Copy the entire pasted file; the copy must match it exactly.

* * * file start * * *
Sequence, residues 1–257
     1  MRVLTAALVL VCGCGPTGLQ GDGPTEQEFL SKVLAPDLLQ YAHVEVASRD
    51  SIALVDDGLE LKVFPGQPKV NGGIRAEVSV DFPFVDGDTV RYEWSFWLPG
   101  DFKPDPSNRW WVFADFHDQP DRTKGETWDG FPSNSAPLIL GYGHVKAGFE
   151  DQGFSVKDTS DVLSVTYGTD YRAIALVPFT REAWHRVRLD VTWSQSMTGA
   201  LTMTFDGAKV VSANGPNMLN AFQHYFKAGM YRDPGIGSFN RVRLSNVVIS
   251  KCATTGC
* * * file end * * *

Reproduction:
Sequence, residues 1–257
     1  MRVLTAALVL VCGCGPTGLQ GDGPTEQEFL SKVLAPDLLQ YAHVEVASRD
    51  SIALVDDGLE LKVFPGQPKV NGGIRAEVSV DFPFVDGDTV RYEWSFWLPG
   101  DFKPDPSNRW WVFADFHDQP DRTKGETWDG FPSNSAPLIL GYGHVKAGFE
   151  DQGFSVKDTS DVLSVTYGTD YRAIALVPFT REAWHRVRLD VTWSQSMTGA
   201  LTMTFDGAKV VSANGPNMLN AFQHYFKAGM YRDPGIGSFN RVRLSNVVIS
   251  KCATTGC